Last weekend, a vigil was held in honor of Max Benson, an autistic teen who was killed at school. What started as a small local event became an international social media blitz as people from around the world connected over the hashtag, #ShineOnMax.
For nearly a year, the story of Max’s death slid mostly under the world’s radar. It was reported that Max 6’1″ tall, “severely autistic,” and that he “became violent” at school. The sheriff’s department reported “no signs of foul play” from the teachers. The story was barely a blip on the radar of social consciousness– that is, until last weekend.
The autistic community and its allies weren’t satisfied with that rhetoric. Advocacy groups like The International Coalition Against Restraint and Seclusion, spoke up and kept speaking up. Other autistic advocates called attention to the story, too, and eventually a large list of advocates, celebrities, and organizations signed on to express support and condolences in advance of the vigil.
Last weekend, while a small vigil was held in Placerville, California, the rest of the world was learning about Max Benson. A beautiful and heartfelt interview with Max’s mother, Stacia, made its way into the hearts of thousands around the world. In it, she said of Max,
I would like them to know that he was a hero. He enriched my life in ways I cannot fully articulate, but he was like a fiery star. He taught me things I could not have learned from any other person.
He taught me that happiness only exists in the moment, and that nature is the only place we really feel at home. He taught me a lot of Yo’ Momma jokes… He taught me how much we love our children. Most people think they know, as I did, but I can assure you it’s so much more than that.
Orders of magnitude more.
The interview featured a home video of Max talking about his “Bad guy pants.” His mother laughed heartily behind the camera. Later, she gave advice to people that wherever they faced seemingly-insurmountable obstacles, they put on their Bad Guy Pants™, magical pants you wear when you need to be especially brave or awesome.
It was an emotional weekend as #ShineOnMax became a beacon of hope, a unifying force, a light on truths, a call for justice, an expression of solidarity, an expression of grief and fear, and a refusal to let autistic people continue to be dehumanized by school systems, the media, or the justice system.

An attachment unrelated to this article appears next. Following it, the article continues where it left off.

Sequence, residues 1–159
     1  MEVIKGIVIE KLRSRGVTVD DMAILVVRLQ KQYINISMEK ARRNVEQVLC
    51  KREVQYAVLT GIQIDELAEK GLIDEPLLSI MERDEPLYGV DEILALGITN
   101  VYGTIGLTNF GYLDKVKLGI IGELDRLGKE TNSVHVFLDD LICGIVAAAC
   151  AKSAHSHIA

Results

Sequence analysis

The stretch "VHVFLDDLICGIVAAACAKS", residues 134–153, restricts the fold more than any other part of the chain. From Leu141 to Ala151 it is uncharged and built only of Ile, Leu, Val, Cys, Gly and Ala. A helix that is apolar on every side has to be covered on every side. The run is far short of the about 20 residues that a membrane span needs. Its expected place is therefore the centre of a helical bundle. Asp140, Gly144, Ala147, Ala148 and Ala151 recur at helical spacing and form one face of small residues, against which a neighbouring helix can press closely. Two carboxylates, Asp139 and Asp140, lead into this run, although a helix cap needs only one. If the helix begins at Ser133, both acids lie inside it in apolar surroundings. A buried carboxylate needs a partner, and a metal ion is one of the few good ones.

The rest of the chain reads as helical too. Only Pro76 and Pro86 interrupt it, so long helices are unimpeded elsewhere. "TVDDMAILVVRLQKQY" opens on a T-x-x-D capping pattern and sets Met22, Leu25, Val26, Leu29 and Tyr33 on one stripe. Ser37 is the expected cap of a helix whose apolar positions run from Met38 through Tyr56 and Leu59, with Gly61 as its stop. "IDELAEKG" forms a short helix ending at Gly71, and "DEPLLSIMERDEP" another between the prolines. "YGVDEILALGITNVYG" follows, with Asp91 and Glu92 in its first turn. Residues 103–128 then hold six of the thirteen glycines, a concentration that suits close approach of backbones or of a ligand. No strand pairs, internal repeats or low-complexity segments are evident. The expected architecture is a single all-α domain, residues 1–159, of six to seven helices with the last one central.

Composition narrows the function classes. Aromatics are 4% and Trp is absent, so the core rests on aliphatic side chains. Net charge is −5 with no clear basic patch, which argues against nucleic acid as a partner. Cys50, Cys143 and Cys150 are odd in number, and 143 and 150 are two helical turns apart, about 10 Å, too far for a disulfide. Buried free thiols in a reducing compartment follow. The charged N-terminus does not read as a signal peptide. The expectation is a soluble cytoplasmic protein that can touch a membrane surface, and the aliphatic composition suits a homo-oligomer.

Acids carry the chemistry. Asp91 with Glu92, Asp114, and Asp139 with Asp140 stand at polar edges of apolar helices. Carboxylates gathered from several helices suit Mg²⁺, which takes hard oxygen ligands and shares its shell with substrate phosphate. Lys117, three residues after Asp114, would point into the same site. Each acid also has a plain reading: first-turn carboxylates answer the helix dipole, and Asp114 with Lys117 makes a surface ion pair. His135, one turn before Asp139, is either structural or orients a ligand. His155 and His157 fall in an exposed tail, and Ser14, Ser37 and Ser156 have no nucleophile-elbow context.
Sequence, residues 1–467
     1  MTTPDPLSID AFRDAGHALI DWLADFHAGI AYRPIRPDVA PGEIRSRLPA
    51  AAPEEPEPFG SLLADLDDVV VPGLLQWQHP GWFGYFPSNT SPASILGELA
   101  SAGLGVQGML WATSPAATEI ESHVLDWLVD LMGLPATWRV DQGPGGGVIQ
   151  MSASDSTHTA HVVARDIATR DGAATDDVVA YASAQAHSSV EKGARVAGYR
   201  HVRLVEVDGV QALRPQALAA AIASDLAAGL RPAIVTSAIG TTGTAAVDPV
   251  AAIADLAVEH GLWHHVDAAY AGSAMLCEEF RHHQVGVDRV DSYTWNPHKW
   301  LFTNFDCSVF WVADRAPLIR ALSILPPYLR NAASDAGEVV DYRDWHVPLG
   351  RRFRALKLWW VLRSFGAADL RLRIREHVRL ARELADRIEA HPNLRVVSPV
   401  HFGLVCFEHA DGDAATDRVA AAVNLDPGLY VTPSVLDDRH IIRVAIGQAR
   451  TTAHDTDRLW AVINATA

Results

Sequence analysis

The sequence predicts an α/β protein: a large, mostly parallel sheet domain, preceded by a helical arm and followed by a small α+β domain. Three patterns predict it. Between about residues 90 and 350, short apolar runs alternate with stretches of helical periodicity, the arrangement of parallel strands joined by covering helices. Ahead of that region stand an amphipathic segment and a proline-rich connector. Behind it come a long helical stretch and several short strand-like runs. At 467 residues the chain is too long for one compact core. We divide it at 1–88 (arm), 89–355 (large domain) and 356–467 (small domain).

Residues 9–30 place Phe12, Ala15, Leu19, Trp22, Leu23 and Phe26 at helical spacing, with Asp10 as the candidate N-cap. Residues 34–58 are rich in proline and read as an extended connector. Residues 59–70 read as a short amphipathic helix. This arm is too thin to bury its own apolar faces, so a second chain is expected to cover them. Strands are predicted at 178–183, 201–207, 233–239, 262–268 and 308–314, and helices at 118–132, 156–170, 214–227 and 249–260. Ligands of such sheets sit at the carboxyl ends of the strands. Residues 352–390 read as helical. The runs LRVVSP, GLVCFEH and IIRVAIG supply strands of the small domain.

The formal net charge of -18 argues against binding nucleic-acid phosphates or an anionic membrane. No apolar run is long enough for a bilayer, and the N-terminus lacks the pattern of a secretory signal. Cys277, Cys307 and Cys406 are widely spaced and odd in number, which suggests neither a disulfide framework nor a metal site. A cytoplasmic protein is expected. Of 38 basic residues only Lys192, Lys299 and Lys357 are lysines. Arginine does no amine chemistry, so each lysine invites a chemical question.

It’s clear that #ShineOnMax is a Light that is only continuing to grow brighter, too.
Autistic people are known for their special interests and passions. Many people took initiative the read about Max, and they learned he had a special interest in rocks. They honored that with their tweets.
(Gif: a candle burning in the midst of a circle of rocks. Because Max Benson loved rocks and might well have devoted his life to them had it been allowed to continue. #ShineOnMax)— Chris's Phantom Train of Hauntistic Thought🚂👻🚃 (@Shadow2Serenity) November 18, 2019
And this from novelist Echo Miller, who wrote The Insiders Club, a young adult novel with four autistic primary characters.
Max Benson liked rocks. I lit his candle near a slab of rainbow fluorite. I began collecting rocks a couple of years ago. I wish he was still around to teach me about them. Gone too soon. Why? Bc impatient, ignorant people won’t even try to understand autism. #ShineOnMax pic.twitter.com/Rikue0rije— Echo Miller (@MillingEchoes) November 18, 2019
Ableism in the Media
Others called out the media coverage of the circumstances surrounding Max’s death, which was either dehumanizing, ableist, or completely inaccurate.
I’ve noticed with autism that you’re either: “severely autistic” which means you aren’t deserving of respect. Or you’re “high functioning” which means you’re totally normal and need to quit lying. It’s very disturbing to me. #ShineOnMax— iykyk (@angry_teen01) November 18, 2019
News clarified Max was "severely autistic" What do authors imply by the word severe? Was Max deserving less respect- shorter life? Max was killed in his school, by his teacher and we should all be very very angry and worried. #ShineOnMax .. when will we learn to do better? https://t.co/2GrLzxYoW8— Dr Georgia Pavlopoulou (@JoPavlopoulou) November 17, 2019
Max, you have been painted by the news as "severely autistic.” This reads to me as people implying you were less deserving of respect, bodily autonomy, and the outrage that should follow a teacher killing her student while others watched. #ShineOnMax pic.twitter.com/JKjv8KFAGp— NeuroClastic #iDISSENT #noncompliant #resist (@NeuroClastic) November 17, 2019
Neuroscience professor Laura Dilley challenged CNN’s reporting of Max as 9″ taller and at least fifty pounds heavier than he actually was: